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Complex Formation of Cadmium with Sugar Residues, Nucleobases, Phosphates, Nucleotides, and Nucleic Acids

Type of publication Peer-reviewed
Publikationsform Contribution to book (peer-reviewed)
Publication date 2013
Author Sigel Roland K. O., Skilandat Miriam, Sigel Astrid, Operschall Bert P., Sigel Helmut,
Project Metal Ion-Guided Assembly and Structures of the Catalytic Core of Ribozymes
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Contribution to book (peer-reviewed)

Book Metal Ions Life Science,
Editor , Sigel Astrid
Publisher Springer Netherlands, Dordrecht
Page(s) 191 - 274
ISBN 978-94-007-5178-1
Title of proceedings Metal Ions Life Science,
DOI 10.1007/978-94-007-5179-8

Abstract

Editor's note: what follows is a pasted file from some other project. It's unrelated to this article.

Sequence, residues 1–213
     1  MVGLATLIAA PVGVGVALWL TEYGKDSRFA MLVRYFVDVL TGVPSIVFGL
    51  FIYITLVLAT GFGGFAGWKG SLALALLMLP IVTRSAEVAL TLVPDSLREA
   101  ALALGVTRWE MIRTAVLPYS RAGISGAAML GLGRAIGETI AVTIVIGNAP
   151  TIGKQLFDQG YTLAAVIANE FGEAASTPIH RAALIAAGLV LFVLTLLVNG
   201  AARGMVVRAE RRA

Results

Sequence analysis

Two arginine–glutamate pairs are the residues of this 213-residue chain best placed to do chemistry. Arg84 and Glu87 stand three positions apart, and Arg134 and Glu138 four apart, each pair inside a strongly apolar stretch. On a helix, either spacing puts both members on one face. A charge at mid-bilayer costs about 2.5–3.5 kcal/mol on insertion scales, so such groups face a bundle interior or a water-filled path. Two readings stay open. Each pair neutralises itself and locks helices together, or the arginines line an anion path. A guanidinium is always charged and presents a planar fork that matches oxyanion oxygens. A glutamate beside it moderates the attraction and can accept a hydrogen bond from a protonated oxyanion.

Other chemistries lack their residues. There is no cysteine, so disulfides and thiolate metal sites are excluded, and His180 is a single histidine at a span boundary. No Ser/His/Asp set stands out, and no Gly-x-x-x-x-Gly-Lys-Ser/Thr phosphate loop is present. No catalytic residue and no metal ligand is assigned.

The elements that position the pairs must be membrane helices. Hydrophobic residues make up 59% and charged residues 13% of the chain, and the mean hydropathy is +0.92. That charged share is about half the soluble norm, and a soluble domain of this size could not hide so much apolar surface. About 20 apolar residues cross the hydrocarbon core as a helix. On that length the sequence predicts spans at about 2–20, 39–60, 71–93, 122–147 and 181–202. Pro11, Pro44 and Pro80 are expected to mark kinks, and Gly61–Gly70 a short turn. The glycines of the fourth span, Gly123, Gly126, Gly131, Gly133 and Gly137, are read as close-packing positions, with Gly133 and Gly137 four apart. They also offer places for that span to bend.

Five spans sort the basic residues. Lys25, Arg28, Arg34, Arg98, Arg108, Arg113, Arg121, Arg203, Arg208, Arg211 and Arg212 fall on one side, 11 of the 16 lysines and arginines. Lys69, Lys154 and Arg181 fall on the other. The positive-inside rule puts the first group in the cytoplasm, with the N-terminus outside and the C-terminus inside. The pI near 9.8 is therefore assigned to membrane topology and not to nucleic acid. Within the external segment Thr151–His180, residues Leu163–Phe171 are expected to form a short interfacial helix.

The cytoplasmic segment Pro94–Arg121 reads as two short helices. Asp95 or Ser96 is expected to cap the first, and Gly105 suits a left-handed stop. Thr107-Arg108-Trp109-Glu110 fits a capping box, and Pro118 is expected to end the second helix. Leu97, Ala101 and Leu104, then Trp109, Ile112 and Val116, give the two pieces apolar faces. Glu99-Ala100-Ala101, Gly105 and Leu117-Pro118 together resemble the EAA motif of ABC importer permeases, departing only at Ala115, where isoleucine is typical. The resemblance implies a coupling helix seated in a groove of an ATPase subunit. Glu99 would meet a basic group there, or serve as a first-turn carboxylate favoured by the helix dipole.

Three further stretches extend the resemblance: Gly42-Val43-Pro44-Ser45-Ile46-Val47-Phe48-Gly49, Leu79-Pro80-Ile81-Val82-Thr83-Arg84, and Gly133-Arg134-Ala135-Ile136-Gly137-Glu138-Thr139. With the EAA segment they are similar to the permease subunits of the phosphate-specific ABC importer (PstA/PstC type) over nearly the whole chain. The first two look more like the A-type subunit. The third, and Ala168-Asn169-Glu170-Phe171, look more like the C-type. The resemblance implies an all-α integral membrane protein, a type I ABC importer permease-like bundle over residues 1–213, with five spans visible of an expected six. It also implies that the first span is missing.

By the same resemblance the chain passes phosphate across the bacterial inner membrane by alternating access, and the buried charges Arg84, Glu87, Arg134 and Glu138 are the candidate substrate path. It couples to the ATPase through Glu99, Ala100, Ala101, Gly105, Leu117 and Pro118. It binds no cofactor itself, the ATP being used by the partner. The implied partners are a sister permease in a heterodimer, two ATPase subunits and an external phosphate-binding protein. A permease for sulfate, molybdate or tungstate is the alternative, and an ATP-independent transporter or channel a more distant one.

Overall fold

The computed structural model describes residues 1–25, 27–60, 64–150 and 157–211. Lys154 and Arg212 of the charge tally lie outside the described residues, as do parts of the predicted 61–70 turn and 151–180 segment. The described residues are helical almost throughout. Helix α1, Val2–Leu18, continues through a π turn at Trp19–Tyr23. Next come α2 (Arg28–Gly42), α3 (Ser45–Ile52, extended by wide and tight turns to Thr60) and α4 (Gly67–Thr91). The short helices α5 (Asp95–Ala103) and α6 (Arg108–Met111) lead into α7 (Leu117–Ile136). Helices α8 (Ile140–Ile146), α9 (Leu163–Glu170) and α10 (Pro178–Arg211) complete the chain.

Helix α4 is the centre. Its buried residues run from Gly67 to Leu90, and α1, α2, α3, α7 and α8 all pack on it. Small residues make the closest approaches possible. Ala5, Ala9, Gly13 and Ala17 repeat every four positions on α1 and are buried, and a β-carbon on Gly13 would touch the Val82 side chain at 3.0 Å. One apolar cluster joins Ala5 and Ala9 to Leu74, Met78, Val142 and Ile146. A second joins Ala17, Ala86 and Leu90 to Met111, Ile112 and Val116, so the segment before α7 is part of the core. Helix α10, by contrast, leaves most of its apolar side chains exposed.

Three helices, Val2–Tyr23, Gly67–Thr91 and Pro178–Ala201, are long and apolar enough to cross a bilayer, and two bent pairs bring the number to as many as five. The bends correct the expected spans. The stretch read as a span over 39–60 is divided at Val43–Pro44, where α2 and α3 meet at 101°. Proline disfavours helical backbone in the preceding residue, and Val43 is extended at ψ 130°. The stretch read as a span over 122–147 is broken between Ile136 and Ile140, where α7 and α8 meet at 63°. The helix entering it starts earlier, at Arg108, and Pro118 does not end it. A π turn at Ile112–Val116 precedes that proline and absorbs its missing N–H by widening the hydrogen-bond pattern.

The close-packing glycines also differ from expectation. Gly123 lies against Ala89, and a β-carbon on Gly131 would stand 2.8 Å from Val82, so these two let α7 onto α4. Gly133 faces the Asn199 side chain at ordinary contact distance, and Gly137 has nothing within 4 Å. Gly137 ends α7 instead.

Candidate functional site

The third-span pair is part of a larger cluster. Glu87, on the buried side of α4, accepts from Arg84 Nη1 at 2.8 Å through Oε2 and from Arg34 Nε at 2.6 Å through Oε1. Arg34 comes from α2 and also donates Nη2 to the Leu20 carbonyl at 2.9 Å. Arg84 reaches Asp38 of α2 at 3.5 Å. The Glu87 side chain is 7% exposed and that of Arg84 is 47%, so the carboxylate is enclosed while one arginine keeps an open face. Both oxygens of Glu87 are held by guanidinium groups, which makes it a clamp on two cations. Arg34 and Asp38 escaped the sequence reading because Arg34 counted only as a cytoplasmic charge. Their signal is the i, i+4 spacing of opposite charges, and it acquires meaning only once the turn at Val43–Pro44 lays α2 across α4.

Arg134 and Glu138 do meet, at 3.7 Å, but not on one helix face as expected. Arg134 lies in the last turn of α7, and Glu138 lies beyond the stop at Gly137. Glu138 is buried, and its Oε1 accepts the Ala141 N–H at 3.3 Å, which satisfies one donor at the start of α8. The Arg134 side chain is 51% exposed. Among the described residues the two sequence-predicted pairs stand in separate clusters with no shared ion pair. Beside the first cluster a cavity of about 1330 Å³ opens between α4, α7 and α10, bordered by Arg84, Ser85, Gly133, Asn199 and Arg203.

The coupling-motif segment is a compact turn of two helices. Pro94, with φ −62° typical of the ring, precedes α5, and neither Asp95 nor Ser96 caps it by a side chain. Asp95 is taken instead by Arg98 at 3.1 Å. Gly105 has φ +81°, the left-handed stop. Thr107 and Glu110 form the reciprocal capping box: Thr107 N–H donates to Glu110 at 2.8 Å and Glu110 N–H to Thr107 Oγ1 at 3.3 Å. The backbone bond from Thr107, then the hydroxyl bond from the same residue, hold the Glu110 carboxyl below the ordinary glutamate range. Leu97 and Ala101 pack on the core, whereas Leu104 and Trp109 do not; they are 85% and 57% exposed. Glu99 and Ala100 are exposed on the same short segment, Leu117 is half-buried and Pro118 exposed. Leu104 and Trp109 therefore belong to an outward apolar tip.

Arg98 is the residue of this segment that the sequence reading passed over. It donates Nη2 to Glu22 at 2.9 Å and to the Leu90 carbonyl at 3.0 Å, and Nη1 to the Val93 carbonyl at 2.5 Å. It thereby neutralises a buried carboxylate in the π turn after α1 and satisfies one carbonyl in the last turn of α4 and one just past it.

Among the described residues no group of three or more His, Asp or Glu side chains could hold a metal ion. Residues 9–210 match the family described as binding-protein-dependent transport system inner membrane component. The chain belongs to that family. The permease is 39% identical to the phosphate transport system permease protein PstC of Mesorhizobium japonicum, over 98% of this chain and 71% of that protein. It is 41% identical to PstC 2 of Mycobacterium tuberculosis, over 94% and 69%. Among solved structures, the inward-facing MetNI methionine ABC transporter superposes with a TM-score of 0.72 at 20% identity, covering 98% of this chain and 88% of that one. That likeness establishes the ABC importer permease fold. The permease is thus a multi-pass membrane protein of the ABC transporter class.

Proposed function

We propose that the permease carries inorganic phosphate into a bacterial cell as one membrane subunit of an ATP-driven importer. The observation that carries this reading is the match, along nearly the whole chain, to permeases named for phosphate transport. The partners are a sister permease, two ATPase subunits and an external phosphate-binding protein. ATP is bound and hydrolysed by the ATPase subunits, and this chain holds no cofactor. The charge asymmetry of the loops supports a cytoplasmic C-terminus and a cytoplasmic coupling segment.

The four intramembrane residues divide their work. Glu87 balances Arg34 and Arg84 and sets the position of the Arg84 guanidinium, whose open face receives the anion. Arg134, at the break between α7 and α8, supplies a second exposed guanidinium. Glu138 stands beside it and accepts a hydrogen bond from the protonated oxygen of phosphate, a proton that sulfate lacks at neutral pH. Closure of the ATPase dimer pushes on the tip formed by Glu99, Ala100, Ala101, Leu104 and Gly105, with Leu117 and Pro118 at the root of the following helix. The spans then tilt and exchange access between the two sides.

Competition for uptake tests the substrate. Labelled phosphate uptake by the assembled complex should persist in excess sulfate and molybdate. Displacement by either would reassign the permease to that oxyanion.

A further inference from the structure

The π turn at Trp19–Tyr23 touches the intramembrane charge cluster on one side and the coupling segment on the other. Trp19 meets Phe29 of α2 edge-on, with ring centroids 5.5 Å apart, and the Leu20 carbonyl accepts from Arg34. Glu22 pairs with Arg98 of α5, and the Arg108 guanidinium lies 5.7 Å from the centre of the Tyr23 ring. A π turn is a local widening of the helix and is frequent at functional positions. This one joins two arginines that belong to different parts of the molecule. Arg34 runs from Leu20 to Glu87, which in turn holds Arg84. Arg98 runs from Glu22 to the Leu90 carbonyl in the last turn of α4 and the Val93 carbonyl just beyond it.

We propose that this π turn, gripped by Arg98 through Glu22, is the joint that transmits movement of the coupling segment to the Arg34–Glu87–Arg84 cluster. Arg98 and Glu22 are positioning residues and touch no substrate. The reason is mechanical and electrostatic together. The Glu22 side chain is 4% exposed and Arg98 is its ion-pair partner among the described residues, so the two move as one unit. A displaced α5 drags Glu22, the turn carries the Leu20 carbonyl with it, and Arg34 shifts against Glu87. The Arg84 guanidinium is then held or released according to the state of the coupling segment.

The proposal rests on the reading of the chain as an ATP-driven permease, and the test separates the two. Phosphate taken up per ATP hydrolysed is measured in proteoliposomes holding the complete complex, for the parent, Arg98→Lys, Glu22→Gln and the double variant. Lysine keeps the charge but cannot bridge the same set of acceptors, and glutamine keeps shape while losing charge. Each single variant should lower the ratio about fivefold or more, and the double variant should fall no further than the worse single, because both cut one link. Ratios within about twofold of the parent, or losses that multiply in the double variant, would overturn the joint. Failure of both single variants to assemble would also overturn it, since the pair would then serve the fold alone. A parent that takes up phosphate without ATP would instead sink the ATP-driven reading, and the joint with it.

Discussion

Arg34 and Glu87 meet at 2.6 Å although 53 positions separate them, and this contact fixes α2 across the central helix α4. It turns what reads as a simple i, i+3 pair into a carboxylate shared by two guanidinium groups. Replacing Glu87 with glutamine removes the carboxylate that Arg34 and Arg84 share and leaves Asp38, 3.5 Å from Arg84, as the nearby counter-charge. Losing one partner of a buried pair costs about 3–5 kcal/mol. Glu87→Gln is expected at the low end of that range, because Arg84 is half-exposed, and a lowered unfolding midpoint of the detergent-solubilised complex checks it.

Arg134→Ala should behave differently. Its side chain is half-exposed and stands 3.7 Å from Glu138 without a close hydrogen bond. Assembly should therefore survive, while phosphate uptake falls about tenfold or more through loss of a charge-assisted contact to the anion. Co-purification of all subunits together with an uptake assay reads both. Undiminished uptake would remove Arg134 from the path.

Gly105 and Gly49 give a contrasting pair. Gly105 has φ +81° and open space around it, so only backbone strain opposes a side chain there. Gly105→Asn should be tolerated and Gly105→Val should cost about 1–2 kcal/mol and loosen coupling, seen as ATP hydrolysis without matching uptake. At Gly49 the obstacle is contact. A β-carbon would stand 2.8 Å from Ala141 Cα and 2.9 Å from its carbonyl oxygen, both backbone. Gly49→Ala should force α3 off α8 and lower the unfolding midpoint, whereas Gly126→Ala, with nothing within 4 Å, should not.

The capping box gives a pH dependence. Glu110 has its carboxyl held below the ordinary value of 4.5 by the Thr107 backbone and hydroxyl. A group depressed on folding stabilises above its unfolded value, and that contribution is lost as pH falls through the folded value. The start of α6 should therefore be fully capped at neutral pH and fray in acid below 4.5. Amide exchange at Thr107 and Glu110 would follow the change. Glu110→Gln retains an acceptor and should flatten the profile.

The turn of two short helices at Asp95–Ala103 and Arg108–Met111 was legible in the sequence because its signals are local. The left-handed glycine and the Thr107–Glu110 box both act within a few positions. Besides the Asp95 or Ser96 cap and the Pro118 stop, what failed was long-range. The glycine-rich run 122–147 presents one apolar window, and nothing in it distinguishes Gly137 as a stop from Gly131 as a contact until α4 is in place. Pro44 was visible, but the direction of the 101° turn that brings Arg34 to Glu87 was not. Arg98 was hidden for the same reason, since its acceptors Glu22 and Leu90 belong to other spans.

Cadmium(II), commonly classified as a relatively soft metal ion, prefers indeed aromatic-nitrogen sites (e.g., N7 of purines) over oxygen sites (like sugar-hydroxyl groups). However, matters are not that simple, though it is true that the affinity of Cd2+ towards ribose-hydroxyl groups is very small; yet, a correct orientation brought about by a suitable primary binding site and a reduced solvent polarity, as it is expected to occur in a folded nucleic acid, may facilitate metal ion-hydroxyl group binding very effectively. Cd2+ prefers the guanine(N7) over the adenine(N7), mainly because of the steric hindrance of the (C6)NH2 group in the adenine residue. This Cd2+-(N7) interaction in a guanine moiety leads to a significant acidification of the (N1)H meaning that the deprotonation reaction occurs now in the physiological pH range. N3 of the cytosine residue, together with the neighboring (C2)O, is also a remarkable Cd2+ binding site, though replacement of (C2)O by (C2)S enhances the affinity towards Cd2+ dramatically, giving in addition rise to the deprotonation of the (C4)NH2 group. The phosphodiester bridge is only a weak binding site but the affinity increases further from the mono- to the di- and the triphosphate. The same also holds for the corresponding nucleotides. Complex stability of the pyrimidine-nucleotides is solely determined by the coordination tendency of the phosphate group(s), whereas in the case of purine-nucleotides macrochelate formation takes place by the interaction of the phosphate-coordinated Cd2+ with N7. The extents of the formation degrees of these chelates are summarized and the effect of a non-bridging sulfur atom in a thiophosphate group (versus a normal phosphate group) is considered. Mixed ligand complexes containing a nucleotide and a further mono- or bidentate ligand are covered and it is concluded that in these species N7 is released from the coordination sphere of Cd2+. In the case that the other ligand contains an aromatic residue (e.g., 2,2’-bipyridine or the indole ring of tryptophanate) intramolecular stack formation takes place. With buffers like Tris or Bistris mixed ligand complexes are formed. Cd2+ coordination to dinucleotides and to dinucleoside monophosphates provides some insights regarding the interaction between Cd2+ and nucleic acids. Cd2+ binding to oligonucleotides follows the principles of coordination to its units. The available crystal studies reveal that N7 of purines is the prominent binding site followed by phosphate oxygens and other heteroatoms in nucleic acids. Due to its high thiophilicity, Cd2+ is regularly used in so-called thiorescue experiments, which lead to the identification of a direct involvement of divalent metal ions in ribozyme catalysis.
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